Nutrition plays an important part in the prevention of lifestyle diseases. A healthy diet, sufficient daily physical activity and sleep promote health and reduce the risk of many diseases. Healthy nutrition is formed of the choices people make every day, which are crucial in the long run. 

Carbohydrates, fats and proteins are energy-yielding nutrients that the body uses to produce energy. 

Good sources of carbohydrates are whole grain, vegetables, berries, fruit and nuts. The best sources of soft or unsaturated fats are vegetable oils and fish. Protein sources include from nuts, seeds, beans, peas, cereal products and soybeans. The best animal protein sources are low-fat dairy products, eggs, fish, chicken and lean meat. 

Our vital processes require energy every day, but the supply and consumption of energy must be in balance.

Nutrition recommendations

Finnish nutrition recommendations are based on Nordic nutrition recommendations.

You can find all nutrition and beverage recommendations for different ages and target groups on the website of the Finnish Food Authority:

The Finnish Food Authority's website also contains instructions on the safe use of foodstuffs.

Nutrition during pregnancy

A good diet during pregnancy is not different from the normal recommended diet. Favour fish species listed in the WWF Fish Guide. However, avoid pike altogether. 

Adequate intake of folate and folic acid is particularly important for pregnant women as it reduces the risk of a neural tube defect (NTD) of the foetus. NTD is a severe congenital malformation.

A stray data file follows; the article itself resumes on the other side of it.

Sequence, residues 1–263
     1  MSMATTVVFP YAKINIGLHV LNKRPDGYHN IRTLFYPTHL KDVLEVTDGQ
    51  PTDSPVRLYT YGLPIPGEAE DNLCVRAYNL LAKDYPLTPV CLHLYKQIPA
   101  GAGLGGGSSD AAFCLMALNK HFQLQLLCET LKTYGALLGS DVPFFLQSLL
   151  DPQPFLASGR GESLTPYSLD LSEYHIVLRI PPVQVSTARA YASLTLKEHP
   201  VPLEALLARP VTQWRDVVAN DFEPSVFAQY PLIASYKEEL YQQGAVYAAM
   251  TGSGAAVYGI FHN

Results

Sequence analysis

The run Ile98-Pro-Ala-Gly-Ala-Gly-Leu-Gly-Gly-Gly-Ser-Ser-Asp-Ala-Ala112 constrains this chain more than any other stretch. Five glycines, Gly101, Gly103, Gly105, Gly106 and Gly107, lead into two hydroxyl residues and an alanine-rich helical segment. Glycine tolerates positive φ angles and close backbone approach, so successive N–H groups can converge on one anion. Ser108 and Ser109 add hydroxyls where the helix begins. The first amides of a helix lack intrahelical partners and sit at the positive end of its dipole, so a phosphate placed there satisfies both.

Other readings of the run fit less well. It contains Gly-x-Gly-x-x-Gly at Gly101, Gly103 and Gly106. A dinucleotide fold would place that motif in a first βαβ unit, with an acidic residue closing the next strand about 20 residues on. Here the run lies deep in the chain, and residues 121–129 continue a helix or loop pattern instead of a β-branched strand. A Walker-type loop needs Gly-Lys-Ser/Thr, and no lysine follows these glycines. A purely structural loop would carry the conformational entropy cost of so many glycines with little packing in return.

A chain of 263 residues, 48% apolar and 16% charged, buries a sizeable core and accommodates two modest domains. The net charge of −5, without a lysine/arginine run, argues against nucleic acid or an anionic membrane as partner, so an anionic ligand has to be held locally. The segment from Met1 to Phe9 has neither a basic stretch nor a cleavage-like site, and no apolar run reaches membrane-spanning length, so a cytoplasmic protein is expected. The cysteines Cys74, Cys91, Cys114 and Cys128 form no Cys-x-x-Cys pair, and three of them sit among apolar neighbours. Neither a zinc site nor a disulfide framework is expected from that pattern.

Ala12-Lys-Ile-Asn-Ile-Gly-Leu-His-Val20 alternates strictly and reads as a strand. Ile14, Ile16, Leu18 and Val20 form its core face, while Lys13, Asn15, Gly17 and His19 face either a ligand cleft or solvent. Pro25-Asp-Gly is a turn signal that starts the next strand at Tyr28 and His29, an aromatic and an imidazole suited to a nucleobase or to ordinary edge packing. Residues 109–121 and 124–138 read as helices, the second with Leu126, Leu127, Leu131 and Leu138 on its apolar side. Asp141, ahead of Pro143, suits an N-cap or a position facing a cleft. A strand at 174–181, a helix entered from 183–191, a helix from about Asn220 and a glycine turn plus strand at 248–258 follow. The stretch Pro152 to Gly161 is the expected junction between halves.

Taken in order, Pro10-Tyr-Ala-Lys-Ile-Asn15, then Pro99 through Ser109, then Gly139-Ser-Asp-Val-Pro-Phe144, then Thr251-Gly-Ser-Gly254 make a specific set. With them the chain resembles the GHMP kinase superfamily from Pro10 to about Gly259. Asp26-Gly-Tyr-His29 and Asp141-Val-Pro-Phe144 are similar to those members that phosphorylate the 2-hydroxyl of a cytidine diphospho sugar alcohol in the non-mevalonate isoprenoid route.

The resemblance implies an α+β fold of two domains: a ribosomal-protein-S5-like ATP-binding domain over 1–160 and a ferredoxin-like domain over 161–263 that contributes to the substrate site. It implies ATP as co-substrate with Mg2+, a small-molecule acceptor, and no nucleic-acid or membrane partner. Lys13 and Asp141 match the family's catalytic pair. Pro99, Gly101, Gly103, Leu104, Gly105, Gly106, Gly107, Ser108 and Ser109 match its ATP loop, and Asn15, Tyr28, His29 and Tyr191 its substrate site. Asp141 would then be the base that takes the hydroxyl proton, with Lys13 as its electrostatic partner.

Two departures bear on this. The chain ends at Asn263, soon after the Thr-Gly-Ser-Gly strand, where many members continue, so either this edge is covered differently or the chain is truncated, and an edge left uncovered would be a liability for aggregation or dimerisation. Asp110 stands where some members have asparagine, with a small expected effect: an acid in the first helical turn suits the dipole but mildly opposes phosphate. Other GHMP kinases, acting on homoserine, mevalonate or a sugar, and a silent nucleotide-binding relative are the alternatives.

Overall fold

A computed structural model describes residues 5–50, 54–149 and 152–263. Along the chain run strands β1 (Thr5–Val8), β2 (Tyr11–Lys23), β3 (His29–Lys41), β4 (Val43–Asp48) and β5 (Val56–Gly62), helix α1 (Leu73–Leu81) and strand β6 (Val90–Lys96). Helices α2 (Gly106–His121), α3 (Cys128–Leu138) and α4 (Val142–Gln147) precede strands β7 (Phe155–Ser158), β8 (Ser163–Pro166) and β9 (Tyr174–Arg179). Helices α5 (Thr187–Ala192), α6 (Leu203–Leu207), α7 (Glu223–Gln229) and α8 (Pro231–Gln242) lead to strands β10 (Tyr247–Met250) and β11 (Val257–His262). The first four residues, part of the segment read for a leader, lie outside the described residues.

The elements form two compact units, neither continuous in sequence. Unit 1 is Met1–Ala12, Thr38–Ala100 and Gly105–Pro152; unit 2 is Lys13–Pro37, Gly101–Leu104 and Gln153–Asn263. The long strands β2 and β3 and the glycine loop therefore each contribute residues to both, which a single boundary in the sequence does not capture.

A diet rich in folate is important already at the pregnancy planning stage and throughout pregnancy. A woman planning on becoming pregnant should also start taking a folic acid supplement about two months before stopping contraception.

Infant nutrition

Full breastfeeding is recommended until the baby is 4–6 months old. Small taster servings of solid foods may already be given at the age of 4 to 6 months, but not before the age of 4 months. From the age of six months onwards, give solid food.

Taster servings should initially be small (the tip of a spoon) after breastfeeding. Continue breastfeeding at the baby’s pace, because breast milk is still the child's primary nutrition. Breast milk is sufficient for children born full-time and normal weight until the age of six months. 

Administer vitamin D individually to children aged 0 to 12 months, depending on whether the child is fully breastfed or receives infant formula or follow-on formula.

Nutrition of a small child

It is important for small children to regularly eat 4–6 meals a day. For main meals, follow the plate model: half of the plate should be vegetables, one quarter a carbohydrate-containing side dish (such as potato or pasta) and one quarter a protein source (vegetable protein, fish, chicken or meat). 

A suitable quantity of vegetables per day is five portions of vegetables, fruit or berries; each portion should be the size of your palm. 

A small child needs 20–30 g, or 4–6 teaspoons of visible fat per day. Foods containing hidden fat should be avoided.

The recommended daily amount of cereal products is 4 servings (one serving = one slice of bread or about 1 dl of cooked cereal side dish, pasta, rice or porridge). The recommended daily amount of liquid milk products is 4 dl; for cheese products, the recommended quantity is 1 slice per day.

The best beverages are skimmed milk, buttermilk or a fortified vegetable beverage. The best drink for thirst is water, not fat-containing milk or sugar-containing juice.

Nutrition and food recommendations (Finnish Food Authority)

Beverage recommendations (Finnish Food Authority)

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